Often we use our reports in a meeting or conversation about our strategy and efforts.
My team uses the report as the agenda for monthly calls and it is a great time to go over details and get feedback. Some clients love to see every keyword while others just want the executive summary.
Even for those that only want the executive summary, we often need their feedback on items that are more granular like ad copy or keyword targeting. When that’s the case, it is necessary to include what might be dozens of pages of additional granular detail to reference.
When you want to or need to include granular detail, do it at the end in an appendix or in a separate supporting document.
Don’t put pages of keywords into the middle of a report as that damaged the general to specific flow and hurts the impact of the overall story you’re trying to tell of strategy and performance in your report.
9. Integrate Data Beyond the PPC Conversion
In many client relationships, the PPC conversion is a lead, engagement, or something short of a completed sale producing trackable revenue.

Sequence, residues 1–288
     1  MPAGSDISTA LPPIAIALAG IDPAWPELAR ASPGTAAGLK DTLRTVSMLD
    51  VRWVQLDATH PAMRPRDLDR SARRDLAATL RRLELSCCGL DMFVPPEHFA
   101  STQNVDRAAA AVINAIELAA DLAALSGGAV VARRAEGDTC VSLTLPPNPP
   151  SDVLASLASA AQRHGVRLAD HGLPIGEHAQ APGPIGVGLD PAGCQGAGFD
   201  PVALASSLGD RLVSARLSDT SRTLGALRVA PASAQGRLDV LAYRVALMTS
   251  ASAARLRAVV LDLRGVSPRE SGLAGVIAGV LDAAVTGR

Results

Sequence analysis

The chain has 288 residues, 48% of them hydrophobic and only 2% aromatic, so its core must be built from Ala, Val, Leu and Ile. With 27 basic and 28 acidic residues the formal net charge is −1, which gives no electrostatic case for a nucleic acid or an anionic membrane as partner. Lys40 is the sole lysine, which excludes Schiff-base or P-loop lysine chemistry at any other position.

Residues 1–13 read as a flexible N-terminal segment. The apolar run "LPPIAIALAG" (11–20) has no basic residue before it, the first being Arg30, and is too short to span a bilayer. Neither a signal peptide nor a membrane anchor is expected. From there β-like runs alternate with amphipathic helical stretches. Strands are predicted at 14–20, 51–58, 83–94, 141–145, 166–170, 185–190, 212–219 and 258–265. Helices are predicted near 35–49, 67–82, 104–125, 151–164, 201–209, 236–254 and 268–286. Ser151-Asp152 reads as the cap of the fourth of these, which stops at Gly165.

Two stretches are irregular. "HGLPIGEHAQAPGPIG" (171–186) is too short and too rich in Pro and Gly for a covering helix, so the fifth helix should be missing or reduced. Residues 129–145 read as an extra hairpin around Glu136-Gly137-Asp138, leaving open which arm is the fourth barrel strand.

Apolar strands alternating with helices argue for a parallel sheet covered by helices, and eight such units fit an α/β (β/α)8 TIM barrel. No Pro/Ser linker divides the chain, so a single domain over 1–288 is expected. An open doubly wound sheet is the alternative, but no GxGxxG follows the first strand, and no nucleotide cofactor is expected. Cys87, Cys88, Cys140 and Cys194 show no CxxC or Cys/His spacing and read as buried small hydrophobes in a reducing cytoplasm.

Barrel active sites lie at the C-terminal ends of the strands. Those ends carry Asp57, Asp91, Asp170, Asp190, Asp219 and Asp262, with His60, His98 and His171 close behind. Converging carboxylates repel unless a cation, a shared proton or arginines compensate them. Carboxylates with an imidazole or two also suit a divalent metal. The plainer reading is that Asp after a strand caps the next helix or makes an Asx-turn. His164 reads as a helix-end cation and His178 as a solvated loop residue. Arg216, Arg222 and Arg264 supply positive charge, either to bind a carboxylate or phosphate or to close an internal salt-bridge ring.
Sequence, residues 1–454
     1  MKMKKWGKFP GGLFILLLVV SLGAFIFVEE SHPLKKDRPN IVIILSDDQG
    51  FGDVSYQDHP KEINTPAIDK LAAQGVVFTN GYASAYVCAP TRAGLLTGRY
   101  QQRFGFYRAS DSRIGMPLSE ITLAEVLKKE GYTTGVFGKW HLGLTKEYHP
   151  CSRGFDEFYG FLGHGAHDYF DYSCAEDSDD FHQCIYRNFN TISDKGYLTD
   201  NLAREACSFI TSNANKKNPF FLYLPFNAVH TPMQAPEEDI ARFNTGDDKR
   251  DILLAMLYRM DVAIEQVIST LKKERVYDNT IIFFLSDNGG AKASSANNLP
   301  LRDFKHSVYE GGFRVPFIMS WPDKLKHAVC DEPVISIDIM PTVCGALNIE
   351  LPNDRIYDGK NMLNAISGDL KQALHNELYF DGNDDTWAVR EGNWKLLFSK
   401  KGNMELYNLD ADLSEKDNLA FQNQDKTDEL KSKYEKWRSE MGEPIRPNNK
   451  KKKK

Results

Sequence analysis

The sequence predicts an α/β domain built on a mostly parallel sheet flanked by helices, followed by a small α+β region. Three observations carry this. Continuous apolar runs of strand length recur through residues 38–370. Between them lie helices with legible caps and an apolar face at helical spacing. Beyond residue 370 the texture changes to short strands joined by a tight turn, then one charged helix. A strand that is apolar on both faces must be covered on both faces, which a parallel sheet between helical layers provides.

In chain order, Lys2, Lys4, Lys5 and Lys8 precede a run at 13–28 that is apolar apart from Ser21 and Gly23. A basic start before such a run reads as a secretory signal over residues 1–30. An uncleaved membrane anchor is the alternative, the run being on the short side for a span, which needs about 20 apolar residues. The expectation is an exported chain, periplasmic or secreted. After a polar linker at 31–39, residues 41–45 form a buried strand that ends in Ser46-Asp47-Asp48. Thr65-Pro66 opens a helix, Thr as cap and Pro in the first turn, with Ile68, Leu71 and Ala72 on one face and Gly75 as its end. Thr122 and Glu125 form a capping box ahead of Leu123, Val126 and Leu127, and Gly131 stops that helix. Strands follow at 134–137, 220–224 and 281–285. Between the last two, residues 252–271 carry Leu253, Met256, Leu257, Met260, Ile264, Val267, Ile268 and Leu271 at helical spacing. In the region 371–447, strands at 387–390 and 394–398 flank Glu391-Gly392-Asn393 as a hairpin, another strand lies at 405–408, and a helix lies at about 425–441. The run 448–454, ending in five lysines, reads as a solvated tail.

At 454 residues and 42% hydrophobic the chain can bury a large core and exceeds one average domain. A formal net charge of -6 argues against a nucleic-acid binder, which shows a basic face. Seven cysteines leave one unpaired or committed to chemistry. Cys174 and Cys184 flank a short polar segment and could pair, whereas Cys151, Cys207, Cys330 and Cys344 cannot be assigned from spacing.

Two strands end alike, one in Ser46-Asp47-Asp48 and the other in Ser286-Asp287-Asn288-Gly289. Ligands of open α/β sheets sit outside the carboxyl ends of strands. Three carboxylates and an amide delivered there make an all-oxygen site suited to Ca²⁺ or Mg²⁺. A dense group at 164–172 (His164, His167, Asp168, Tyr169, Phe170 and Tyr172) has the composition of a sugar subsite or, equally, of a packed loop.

When that’s the case, if you can work with the sales team, get CRM access, or find a way to get feedback on the leads PPC is driving or the activity it is generating, you can do more to show the true impact of your efforts.
At the very least, you can get valuable feedback that will influence your decisions while managing the campaign in real time versus waiting for anecdotal feedback from the client after the fact.
Getting this data as quickly as possible helps avoid a situation where you’re driving what looks like good PPC leads, but learn later that none of the leads qualified or closed.
Including the nine essentials in your PPC reports help you to make the reporting process a meaningful one and much more than just a routine activity.
More PPC Resources:
- The 10 Most Important PPC KPIs You Should Be Tracking
- How to Create a Paid Search Media Projection
- How to Conduct a Complete AdWords Audit